Call me crazy, but I take my baby to the potty. And she goes! Our journey into elimination communication (EC) started when Grace was only 2 days old.
What is elimination communication? Diaperfreebaby explains it this way:
It is a gentle, natural, non-coercive process by which a baby, preferably beginning in early infancy, learns with the loving assistance of parents and caregivers to communicate about and address his or her elimination needs.
I’d read online about elimination communication long before Grace was born and was intrigued by the idea of getting my baby out of diapers early. Sure, my first two children potty trained earlier than the U.S. norms, at 18 months and 14 months respectively, but I was and still am amazed that babies could use the toilet from birth.
Starting this week I’ll be writing monthly updates about how I use elimination communication with my baby. Since she’s now six months old, I’ll be backtracking to fill you in on how our elimination communication style and baby’s reactions to it have changed over time.
Here’s how I use elimination communication with my newborn baby.
The day I brought Grace home from the hospital I held her naked bum over the toilet. She pooed!
My jaw dropped.
Of course, I’d read about how babies could poo on the potty from the earliest days, but I never really expected to see it firsthand the first time I held my own baby over the toilet. I was hooked!
I quickly ran and told my husband all about the potty success. He was supportive and joined me in our efforts to hold Grace over the potty at every diaper change.
We didn’t take her to the toilet religiously every X number of minutes. We didn’t expect dry diapers. We just wanted to acquaint our newborn to using the toilet and hoped her urges would occasionally coincide with our timing. We used a “psss” sound and held the baby over the toilet like this. Most of the time she used the toilet. I can’t explain why. I just know it works.
Our potty procedure with a newborn:
- Remove diaper and clean baby’s bum
- Carry her to the toilet or the sink and hold her over it, making a “psss” sound and encouraging her to potty. Hold baby in a squatting position with his back against your chest, like this.
- Wait for baby to potty or to let you know she’s ready to leave the bathroom. My baby gets squirmy and has a “look” she’ll give us when she’s finished or uninterested. Newborns generally poo right away.
- Wipe her bum if necessary and put on a clean diaper.
In the beginning we took Grace to the potty about 8 times each day. Her potty rate was 80%.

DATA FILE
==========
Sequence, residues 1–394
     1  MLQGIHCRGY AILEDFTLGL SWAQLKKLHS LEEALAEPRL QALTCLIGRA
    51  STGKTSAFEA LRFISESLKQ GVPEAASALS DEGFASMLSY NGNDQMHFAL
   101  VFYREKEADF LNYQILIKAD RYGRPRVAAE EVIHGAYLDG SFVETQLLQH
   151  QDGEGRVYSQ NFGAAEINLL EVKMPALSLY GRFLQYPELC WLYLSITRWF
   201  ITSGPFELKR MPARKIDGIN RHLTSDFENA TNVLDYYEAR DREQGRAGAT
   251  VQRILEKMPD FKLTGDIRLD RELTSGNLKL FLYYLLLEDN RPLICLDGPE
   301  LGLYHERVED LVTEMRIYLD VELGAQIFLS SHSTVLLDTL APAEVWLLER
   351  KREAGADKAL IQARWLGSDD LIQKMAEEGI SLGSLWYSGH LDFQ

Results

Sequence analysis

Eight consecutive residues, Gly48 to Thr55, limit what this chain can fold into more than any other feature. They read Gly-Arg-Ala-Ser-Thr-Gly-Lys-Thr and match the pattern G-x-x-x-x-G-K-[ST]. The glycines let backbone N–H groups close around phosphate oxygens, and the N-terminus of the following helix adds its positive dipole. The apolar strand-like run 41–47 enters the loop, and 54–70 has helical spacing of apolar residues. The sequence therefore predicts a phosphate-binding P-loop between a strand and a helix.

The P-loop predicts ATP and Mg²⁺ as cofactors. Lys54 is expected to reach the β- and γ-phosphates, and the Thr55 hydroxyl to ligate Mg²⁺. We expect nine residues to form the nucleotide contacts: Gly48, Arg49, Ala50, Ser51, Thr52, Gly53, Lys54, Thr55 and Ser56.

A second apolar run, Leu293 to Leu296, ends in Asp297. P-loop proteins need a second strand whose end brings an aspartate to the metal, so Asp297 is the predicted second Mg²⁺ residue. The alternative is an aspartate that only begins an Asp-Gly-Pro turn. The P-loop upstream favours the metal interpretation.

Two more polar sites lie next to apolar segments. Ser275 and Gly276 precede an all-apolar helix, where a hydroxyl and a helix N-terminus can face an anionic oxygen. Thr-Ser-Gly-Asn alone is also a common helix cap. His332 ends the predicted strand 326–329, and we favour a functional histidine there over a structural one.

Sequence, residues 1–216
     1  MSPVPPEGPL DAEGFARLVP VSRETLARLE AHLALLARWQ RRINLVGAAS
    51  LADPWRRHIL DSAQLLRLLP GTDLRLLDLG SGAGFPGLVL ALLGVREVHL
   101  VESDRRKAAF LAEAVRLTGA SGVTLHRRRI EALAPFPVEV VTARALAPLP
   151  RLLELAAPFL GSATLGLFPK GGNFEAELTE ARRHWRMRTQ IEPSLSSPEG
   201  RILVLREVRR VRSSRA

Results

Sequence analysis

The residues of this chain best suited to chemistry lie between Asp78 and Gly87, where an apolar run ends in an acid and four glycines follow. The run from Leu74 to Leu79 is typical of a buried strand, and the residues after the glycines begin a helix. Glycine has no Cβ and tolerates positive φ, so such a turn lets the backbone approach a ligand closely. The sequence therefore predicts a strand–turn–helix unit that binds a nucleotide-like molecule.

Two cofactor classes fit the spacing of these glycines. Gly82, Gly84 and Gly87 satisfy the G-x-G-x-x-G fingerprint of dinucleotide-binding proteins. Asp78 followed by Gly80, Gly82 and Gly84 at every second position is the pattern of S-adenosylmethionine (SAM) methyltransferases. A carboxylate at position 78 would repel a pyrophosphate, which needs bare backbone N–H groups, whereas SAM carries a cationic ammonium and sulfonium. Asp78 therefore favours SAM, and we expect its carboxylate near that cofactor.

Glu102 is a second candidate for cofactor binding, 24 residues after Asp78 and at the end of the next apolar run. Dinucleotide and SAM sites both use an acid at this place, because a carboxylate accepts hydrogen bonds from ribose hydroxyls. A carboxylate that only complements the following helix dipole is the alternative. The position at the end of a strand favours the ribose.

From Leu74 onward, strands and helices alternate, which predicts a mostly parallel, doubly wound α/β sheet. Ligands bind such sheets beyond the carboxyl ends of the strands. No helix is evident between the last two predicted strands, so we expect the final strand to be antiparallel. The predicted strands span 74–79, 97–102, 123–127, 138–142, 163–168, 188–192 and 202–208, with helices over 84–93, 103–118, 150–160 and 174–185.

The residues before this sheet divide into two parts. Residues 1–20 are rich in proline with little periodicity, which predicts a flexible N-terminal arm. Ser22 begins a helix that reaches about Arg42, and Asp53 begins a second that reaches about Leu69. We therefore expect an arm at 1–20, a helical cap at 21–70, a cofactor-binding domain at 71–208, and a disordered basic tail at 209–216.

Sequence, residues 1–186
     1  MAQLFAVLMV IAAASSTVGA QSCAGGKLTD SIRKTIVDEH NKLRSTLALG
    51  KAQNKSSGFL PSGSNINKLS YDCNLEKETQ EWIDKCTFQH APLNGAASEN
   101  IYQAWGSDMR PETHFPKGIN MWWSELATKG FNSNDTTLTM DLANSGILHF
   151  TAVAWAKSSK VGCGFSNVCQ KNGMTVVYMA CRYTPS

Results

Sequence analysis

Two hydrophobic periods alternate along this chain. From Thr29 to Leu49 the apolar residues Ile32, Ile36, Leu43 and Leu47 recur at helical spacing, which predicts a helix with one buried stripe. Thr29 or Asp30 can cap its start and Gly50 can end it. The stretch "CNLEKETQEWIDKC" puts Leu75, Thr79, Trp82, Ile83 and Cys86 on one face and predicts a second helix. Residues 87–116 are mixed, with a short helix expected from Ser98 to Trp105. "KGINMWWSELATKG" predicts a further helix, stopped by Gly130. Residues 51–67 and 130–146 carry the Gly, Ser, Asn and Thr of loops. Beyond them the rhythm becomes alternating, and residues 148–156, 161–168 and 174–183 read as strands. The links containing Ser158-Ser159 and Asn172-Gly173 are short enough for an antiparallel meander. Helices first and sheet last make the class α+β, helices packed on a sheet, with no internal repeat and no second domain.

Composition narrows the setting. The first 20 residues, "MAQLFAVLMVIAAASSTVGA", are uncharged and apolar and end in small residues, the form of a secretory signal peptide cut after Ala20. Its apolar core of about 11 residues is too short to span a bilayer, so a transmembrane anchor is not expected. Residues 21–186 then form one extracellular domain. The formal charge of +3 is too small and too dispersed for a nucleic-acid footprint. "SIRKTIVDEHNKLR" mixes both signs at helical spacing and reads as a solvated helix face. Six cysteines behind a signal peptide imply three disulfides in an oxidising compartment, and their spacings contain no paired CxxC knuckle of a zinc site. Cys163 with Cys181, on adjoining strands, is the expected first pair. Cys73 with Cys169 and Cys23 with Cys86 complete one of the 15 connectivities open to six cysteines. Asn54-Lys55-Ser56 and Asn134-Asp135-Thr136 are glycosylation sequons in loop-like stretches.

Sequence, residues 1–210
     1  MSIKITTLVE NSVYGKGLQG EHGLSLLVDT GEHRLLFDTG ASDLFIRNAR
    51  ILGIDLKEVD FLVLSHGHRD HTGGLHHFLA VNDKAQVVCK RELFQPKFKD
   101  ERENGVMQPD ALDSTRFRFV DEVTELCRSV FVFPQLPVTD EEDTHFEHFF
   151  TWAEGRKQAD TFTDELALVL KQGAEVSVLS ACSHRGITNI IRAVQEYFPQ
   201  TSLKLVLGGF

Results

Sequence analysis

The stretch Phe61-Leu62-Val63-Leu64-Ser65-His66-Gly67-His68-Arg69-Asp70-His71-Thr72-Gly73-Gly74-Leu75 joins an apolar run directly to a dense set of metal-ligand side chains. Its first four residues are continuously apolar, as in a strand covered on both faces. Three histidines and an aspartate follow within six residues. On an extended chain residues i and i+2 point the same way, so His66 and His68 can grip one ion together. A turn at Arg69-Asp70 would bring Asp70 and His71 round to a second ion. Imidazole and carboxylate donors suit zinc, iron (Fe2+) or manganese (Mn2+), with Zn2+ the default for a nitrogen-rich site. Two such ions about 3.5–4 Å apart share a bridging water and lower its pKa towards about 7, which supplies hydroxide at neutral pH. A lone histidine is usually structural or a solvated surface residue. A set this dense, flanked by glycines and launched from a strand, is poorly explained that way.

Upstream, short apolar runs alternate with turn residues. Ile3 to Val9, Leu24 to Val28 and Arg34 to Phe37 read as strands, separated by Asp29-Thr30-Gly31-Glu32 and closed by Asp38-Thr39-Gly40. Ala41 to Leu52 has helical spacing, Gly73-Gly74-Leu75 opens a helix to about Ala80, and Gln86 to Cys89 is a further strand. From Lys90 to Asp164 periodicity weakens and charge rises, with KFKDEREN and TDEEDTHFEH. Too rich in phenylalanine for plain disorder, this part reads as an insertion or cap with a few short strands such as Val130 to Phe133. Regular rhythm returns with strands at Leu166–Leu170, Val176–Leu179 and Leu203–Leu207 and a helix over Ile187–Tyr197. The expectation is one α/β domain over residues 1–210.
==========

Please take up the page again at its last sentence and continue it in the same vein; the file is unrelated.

Sometimes we’d potty her when we were out of the house, but often we’d choose not to depending on where we were and how clean the loo was in each location. We were loose about the schedule but since my aim was only to get her acquainted to the practice and to save ourselves a couple of wet cloth diapers each day, I considered it a newborn elimination communication win!
What you’ll need to succeed with newborn elimination communication:
- Patience and determination- You and baby can do this, but you’ve got to begin with the end in mind. Determine what your goal is for using EC with your newborn and practice accordingly. Don’t set unrealistic goals.
- Routine- Create a routine and stick with it. Baby will catch on to your routine and/or schedule, making your experience with EC and your success rate improve each month. (Generally speaking, newborns urinate every 20 minutes.)
- Changing Area- Make up a changing area in or near the bathroom. Currently I have a big soft towel folded up as a changing mat on the bathroom counter. This way there’s not much distance to the toilet and I can wash up right after a potty trip.
- Diapers- I use cloth diapers with Thirsties covers during the day
- Baby wipes or cloth wipes with natural wipes solution
- Lysol Disinfectant Wipes– Great for cleaning up the changing area, toilet seat, or in-transit accidents.
Stay tuned for how elimination communication worked for us on an overseas trip with a two-month old!
*My experience with EC is in no way a science, simply trial and error based on research I’ve done. I understand that it works for my family but may not be ideal for your family. Any comments deemed unhelpful or just plain mean will be deleted.